Rules for Leaders
November 2 2011 by Jennifer Pellet
Tapped to lead the Girl Scouts of the USA in 1976, Frances Hesselbein was charged with saving an organization bogged down by bureaucracy and grappling with a dearth of diversity and eight straight years of declining membership. Under her guidance, the number of minority scouts tripled and overall membership soared to 2.3 million girls. She also moved the goalpost for America’s Girl Scouts from getting ready for marriage to mastering career skills—bringing an organization teetering on the brink of obsolescence back to relevancy. Her efforts won the admiration of management guru Peter Drucker, who dubbed Hesselbein “the greatest leader in the country.”
After leaving the Girl Scouts, Hesselbein went on to serve as the founding CEO of The Peter F. Drucker Foundation for Nonprofit Management, now known as the Leader to Leader Institute. Her accolades—far too numerous to list in full—include receiving the Presidential Medal of Freedom, America’s highest civilian honor, for demonstrating, as President Clinton put it at the time, “how to summon the best from ourselves and our fellow citizens.” In a recent interview with Chief Executive, Hesselbein shared four of the leadership practices that she found most effective during the course of her career.
Abolish Hierarchy. One of the first things Hesselbein did at the Girl Scouts was to dispense with its traditional pyramid-style management structure in favor of a flatter approach she describes as “circular, flexible and fluid.” “We threw out up-down, top-bottom, subordinate-superior,” she says. “Inclusion is far more powerful—it brings engagement.”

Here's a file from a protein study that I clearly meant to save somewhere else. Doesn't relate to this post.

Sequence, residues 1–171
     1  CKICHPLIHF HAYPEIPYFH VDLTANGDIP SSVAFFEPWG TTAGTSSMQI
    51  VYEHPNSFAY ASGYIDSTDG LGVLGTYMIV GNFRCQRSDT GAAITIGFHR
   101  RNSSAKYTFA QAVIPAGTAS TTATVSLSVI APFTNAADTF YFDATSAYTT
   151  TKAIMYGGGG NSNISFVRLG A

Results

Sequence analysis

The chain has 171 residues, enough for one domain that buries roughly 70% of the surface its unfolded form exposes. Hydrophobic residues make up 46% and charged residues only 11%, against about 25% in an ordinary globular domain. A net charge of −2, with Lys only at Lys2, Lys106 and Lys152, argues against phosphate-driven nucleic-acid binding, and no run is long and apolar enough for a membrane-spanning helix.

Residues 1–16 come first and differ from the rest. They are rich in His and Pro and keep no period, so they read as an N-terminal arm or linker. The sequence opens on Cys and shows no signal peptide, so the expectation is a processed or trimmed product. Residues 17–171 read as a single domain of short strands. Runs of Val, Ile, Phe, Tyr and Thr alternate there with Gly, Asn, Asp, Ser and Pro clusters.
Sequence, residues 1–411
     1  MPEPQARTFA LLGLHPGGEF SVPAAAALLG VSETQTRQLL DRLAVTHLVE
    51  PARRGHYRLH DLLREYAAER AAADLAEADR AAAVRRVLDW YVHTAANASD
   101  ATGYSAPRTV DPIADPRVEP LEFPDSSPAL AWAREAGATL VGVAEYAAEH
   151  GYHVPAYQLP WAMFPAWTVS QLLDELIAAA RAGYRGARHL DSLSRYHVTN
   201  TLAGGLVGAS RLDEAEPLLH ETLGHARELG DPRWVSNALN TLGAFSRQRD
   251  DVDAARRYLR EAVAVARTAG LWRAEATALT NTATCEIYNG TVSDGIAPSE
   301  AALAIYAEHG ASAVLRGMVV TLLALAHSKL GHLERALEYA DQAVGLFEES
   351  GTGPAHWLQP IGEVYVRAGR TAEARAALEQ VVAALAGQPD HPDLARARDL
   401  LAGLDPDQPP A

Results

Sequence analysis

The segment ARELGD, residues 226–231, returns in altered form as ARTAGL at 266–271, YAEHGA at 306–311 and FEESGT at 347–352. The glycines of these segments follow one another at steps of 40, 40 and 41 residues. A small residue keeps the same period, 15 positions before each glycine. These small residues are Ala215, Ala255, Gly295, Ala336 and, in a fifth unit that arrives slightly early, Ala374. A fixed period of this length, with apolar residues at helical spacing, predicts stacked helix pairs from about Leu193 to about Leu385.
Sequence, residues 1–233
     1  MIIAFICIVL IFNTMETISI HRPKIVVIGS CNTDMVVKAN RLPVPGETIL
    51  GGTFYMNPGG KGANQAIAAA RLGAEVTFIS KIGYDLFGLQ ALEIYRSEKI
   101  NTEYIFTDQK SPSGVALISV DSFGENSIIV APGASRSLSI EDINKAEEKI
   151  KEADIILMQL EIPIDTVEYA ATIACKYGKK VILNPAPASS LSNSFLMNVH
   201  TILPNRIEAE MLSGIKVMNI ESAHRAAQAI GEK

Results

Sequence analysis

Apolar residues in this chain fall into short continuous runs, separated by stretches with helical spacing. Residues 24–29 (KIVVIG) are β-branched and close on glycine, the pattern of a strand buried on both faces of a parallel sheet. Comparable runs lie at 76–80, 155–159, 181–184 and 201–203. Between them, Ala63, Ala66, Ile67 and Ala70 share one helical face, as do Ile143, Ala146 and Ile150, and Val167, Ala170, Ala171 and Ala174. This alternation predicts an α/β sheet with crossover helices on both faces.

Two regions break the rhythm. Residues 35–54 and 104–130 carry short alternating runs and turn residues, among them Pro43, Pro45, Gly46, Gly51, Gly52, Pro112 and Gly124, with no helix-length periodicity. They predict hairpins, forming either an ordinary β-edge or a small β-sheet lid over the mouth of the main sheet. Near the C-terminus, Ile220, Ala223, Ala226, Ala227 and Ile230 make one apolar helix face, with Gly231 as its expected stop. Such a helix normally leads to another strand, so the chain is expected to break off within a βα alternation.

Respect for All People. “Demonstrating respect is basic to democracy,” says Hesselbein, who pointed to recent personal attacks in politics as evidence that decorum is increasingly rare. “We don’t have to agree with everything everyone says, but we do need to be civil. The ugliness, the personal attacks we see in the media between politicians and between political parties—these are things that should never be said by leaders anywhere about anyone. And it’s something we should all be concerned about and doing something to change.”
Learn to Let Go of the Past. Effective leadership begins with analysis—taking a hard look at where the organization has been, where it is now, where it wants to be in the future and, perhaps most importantly, what has to happen to get there. “A project may have been fabulously successful five years ago, or even last year; but, if it’s no longer meeting those needs, we must say, ‘Thank you very much,’ and throw it away,’ ” says Hesselbein. “We must always focus on preparing for the future and what we can do today that will make the greatest difference.”
Lead by Example. The most effective leaders are less about words than action, says Hesselbein, who notes that the quality and character of a leader ultimately determines performance. “You have to live your values,” she says. “Leadership is a matter of how to be, not how to do.”